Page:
Review Summary: A solid EP that plays like a short album. An interesting blend of dancy pop and alternative indie.
I’ve lived in Kansas my whole life. Many of the kind folks who have also lived here their whole lives may tell you the assumptions that are commonly made about Kansas are unfair and inaccurate. Of course, they’re either sadly mistaken, deluding themselves, or just plain lying. Kansas is flat, boring, and generally speaking, doesn’t have a lot to offer. I gathered this information at a young age and spend most of my high school days longing to “escape”. I was prone to this pessimism from the beginning. I’m not lying, my mom’s name is Dorothy. Her little dog’s name is Toto. I hated Kansas for a long time. But I later outgrew this bias, and learned that Kansas has a few wonderful exceptions to those assumptions, and is a nice, quiet, safe
place to be. Abandon Kansas (pun clearly intended), being one of those exceptional Kansas treasures, captures these themes in their EP, We’re All Going Somewhere
Abandon Kansas is a black sheep in the Kansas music scene. Their music blends indie rock with danceable pop. This particular EP also features an alternative edge not found on their other works. This edge is most apparent on the opening track, and my personal favorite, The Harder They Fall
. It’s a great opener and full of energy. The tracks that follow have a more danceable quality to them, but remain upbeat and sustain that energy. It’s on these tracks that Abandon Kansas gives us the best showcase of their distinctive sound. They’re groovy, yet powerful. The pace then slows down a bit during the title track and Months and Years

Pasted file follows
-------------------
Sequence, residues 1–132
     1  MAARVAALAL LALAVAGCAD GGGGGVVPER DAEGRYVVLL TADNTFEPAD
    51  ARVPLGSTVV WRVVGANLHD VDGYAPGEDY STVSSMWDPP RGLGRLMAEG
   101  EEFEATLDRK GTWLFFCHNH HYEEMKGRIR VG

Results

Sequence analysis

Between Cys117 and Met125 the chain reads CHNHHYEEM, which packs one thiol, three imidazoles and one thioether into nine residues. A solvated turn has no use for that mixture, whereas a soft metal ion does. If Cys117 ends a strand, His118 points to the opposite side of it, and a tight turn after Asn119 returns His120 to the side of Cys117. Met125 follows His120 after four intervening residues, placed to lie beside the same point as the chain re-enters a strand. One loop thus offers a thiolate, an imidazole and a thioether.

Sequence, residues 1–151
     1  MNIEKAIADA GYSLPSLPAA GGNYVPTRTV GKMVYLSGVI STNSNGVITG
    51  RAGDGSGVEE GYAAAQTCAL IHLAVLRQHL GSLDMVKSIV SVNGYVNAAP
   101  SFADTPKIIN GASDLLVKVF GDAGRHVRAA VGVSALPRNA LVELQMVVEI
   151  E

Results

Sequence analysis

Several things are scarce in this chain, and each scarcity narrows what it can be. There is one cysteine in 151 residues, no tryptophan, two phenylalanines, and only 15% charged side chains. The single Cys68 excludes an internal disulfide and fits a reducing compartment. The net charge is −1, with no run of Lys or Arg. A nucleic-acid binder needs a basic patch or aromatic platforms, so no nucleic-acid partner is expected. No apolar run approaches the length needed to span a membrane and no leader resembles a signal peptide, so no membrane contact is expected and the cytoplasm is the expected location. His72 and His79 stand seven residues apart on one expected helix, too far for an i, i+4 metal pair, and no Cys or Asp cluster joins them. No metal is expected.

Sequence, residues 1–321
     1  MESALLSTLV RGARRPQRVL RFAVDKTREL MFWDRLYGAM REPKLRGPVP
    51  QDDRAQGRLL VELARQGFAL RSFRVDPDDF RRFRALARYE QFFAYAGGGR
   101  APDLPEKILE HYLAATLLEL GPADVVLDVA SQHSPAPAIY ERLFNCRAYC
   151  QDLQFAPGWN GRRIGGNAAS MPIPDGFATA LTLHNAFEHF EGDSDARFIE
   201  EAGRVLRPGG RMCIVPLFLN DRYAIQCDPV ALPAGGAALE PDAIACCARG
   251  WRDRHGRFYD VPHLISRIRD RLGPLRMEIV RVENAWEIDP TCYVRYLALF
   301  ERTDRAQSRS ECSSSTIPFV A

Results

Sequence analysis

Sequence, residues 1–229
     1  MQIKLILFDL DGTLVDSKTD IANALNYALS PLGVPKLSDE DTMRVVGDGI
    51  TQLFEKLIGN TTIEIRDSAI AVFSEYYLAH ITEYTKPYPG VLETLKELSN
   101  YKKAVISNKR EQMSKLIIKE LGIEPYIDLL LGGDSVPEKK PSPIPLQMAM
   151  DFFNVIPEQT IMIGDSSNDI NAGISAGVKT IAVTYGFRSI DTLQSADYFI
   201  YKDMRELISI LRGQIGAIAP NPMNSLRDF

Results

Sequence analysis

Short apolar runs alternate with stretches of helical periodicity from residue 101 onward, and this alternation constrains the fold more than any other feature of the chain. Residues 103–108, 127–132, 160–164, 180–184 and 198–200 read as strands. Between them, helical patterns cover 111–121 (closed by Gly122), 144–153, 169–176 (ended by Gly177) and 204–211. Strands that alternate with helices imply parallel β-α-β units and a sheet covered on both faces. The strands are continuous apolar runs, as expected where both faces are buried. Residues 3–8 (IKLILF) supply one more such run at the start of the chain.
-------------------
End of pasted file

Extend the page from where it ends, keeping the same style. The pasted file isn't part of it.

. The focus is shifted to the vocals and the lyrical meanings become transparent. But I’ll get to that later. The closer, Close Your Eyes
, picks things up again. And it closes with a climax, punctuated nicely by vocalist, Jeremy Spring, wailing, “It’s taken me so long. It’s taken me so long to find you.”
Each member of Abandon Kansas certainly knows what they’re doing. Lead guitarist, Brad Foster, often emphasizes the dance element with catchy leads. Also, during live performances his wild dancing matches his playing. The bass and drums are both punchy and creative. The production on this disc pairs the bass and drums really well. Everything is very clear and dynamic, which helps maintain the energy in that alternative edge I’d mentioned. However, a clear highlight of the EP is the songwriting and vocals of Jeremy Spring. He sports a very distinctive persona through both his style and voice.
Lyrically, all of the songs are well written. There are a few brief moments that could seem a bit cheesy or cliche, but they’re not common or glaringly obvious. The lyrical material covers quite a range of subject matter. There are a couple recurring themes, centering around the struggles of band life and touring, relationships and criticism of others, and their faith. The band is Christian and Christianity seems to be the centerpiece of the writing. It’s difficult to tell at times, however, whether the writing is directed toward God or someone else. However, if one were to read the lyrics to Close Your Eyes
without hearing the song, one may assume it is a worship song. And it may be considered one delivered in the form of an indie rock song. It has a lot of energy during the lines directed towards God. As a result, conversely, if one were to listen to the song without paying much thought to the lyrics, it would be easy to miss the worship nature of it.
As a whole, it’s a solid EP. It feels like a short album, and I personally really wish it were. After seeing Abandon Kansas live half a dozen times, I find myself hoping they play more of these songs live. But alas, things change, and they have gone on to write, what seems to me, more lighthearted music, which is “poppier”. But this EP stands out to me as noteworthy in their catalog, just as the band stands out in the region they come from.